Association between panic disorder, major depressive disorder and celiac disease: a possible role of thyroid autoimmunity.J Psychosom Res 2002; 53(3):789-93JP
To evaluate the association between celiac disease and specific anxiety and depressive disorders and to identify potential common pathogenetic links, with particular regard to thyroid function and autoimmunity.
Cases included 36 adult celiac patients, 25 females and 11 males, aged 18-64 years. Controls comprised 144 healthy subjects matched by sex and age with no clinical evidence or family history of celiac disease. Diagnosis of celiac disease was made on the basis of clinical history and serological criteria. Psychiatric diagnoses were formulated using the International Composite Diagnostic Interview, according to DSM-IV criteria. Thyroid was evaluated by palpation, echography and measurement of serum-free thyroid hormones (FT4, FT3), thyroid-stimulating hormone (TSH) and antithyroid autoantibodies (anti-TPO).
Compared to controls, a significantly higher number of celiac patients met criteria for lifetime [15 (41.7%) versus 30 (29.8%), P < .01] and 6-month [7 (19.4%) versus 9 (6.2%), OR = 3.2, chi(2) = 5.2, P < .05] major depressive disorder (MDD) and lifetime [5 (13.9%) versus 3 (2.1%), P < .001] and 6-month [3 (8.1%) versus 2 (1.4%), P < .05] panic disorder (PD). Anti-TPO prevalence was significantly higher in celiac patients than in the control group (11/36 = 30.5% versus 14/144 = 9.7%, P < .001). A higher frequency of PD and MDD was found in celiac patients with positive anti-TPO when compared to negative anti-TPO patients (4/11 = 36.4% PD in TPO+ versus 1/25 = 4% PD in TPO-, P < .01; 9/11 = 81.8% MD in TPO+ versus 6/25 = 9.5% MD in TPO-, P < .01).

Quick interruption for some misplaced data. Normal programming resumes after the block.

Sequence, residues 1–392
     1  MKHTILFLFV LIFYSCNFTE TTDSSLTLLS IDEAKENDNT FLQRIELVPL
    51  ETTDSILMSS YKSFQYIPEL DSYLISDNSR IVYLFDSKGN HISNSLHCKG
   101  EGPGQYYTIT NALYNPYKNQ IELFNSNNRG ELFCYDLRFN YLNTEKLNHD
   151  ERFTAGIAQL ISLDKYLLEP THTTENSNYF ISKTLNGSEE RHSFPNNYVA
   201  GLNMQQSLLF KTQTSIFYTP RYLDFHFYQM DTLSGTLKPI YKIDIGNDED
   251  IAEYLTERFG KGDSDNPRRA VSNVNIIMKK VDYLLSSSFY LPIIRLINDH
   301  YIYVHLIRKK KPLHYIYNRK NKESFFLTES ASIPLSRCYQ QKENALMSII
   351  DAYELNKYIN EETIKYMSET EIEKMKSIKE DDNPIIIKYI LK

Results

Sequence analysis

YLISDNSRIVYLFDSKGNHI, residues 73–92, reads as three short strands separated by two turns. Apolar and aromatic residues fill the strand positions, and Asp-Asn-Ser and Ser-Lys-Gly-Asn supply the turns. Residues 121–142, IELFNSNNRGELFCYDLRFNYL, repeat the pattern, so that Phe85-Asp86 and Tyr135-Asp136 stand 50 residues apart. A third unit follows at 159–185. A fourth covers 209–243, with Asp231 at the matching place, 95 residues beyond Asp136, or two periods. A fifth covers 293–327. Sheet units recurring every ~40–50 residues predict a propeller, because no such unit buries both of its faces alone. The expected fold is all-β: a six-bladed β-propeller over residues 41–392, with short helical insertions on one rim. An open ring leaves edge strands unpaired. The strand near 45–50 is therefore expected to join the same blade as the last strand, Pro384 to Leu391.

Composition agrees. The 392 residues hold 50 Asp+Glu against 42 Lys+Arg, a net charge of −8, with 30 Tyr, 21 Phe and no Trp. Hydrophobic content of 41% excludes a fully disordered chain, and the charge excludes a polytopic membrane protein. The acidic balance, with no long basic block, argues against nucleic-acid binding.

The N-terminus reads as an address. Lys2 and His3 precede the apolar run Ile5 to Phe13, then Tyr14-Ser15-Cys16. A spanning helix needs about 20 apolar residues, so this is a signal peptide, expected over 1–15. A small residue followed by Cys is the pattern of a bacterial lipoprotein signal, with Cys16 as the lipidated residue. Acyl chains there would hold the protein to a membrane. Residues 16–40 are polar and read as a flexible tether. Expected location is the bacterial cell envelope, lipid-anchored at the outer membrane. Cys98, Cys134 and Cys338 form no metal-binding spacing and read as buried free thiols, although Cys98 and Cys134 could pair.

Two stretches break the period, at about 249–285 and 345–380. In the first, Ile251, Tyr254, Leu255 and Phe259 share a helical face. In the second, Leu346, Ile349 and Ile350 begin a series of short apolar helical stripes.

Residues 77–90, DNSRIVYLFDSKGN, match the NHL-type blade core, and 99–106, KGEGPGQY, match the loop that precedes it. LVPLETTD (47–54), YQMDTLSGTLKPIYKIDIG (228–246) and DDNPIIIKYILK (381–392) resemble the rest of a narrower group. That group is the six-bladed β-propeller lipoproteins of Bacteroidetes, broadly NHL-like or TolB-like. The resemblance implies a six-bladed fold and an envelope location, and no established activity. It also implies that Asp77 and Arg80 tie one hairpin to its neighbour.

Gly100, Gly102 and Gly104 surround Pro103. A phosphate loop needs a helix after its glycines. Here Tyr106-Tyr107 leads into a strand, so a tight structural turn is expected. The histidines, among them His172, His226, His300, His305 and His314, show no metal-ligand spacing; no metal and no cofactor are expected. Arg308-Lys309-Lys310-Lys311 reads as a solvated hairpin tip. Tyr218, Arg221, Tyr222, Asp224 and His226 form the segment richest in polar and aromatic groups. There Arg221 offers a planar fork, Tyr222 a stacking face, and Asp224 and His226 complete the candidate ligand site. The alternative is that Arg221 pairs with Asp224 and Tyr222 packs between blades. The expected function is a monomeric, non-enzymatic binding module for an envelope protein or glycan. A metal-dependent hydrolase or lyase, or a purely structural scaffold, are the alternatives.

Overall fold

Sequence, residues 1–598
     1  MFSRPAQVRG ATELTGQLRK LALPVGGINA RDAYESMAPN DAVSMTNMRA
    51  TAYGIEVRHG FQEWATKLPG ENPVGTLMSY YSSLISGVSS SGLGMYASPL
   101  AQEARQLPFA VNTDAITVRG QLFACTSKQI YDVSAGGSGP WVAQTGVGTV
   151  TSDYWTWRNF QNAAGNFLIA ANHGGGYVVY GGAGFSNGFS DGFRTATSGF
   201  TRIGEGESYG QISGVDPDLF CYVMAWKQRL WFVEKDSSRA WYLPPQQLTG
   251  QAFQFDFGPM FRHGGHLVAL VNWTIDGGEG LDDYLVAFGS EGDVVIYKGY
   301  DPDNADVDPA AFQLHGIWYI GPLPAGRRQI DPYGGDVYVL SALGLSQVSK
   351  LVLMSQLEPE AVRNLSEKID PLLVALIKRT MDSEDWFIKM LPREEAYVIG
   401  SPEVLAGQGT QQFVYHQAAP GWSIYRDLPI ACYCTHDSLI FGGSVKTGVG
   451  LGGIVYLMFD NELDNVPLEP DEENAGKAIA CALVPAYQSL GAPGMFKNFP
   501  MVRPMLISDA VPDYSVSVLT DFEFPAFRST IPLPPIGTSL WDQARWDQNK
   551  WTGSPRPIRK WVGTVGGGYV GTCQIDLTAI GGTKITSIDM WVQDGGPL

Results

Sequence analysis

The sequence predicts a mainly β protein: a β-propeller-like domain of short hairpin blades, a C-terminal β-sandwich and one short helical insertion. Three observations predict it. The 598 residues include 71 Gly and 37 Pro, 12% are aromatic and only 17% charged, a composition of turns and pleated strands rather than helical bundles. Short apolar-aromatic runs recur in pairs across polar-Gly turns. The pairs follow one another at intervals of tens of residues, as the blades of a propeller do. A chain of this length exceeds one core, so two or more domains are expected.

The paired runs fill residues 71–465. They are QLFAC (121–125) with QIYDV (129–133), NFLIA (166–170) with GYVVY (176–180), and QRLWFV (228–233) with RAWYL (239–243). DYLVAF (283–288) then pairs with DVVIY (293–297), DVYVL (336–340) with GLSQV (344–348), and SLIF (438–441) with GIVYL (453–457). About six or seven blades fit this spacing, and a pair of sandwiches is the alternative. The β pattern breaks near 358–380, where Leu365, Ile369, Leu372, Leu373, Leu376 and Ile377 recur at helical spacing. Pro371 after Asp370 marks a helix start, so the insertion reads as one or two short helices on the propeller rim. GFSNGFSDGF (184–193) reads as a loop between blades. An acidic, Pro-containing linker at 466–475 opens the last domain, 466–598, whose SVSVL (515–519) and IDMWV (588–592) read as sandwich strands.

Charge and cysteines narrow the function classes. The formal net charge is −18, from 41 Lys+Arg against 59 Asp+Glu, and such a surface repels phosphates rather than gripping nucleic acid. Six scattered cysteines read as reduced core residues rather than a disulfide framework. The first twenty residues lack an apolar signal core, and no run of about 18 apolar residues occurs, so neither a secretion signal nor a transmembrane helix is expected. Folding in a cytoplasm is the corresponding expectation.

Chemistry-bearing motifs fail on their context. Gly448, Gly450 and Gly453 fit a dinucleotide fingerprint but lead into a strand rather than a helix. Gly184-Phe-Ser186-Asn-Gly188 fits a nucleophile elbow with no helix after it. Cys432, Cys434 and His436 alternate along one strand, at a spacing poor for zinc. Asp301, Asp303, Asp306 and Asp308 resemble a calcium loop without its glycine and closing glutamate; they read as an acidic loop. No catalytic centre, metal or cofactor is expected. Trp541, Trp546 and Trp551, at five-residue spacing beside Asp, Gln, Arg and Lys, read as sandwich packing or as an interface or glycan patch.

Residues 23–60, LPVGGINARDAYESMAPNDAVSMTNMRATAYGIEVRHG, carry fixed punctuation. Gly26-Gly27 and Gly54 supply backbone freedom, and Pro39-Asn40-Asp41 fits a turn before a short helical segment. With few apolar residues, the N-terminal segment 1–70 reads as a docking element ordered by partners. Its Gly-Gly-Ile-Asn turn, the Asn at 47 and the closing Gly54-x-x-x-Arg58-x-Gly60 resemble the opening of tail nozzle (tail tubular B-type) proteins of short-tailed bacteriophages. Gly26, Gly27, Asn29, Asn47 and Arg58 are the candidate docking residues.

Patients affected by celiac disease tend to show a high prevalence of PD and MDD and association with subclinical thyroid disease appears to represent a significant risk factor for these psychiatric disorders.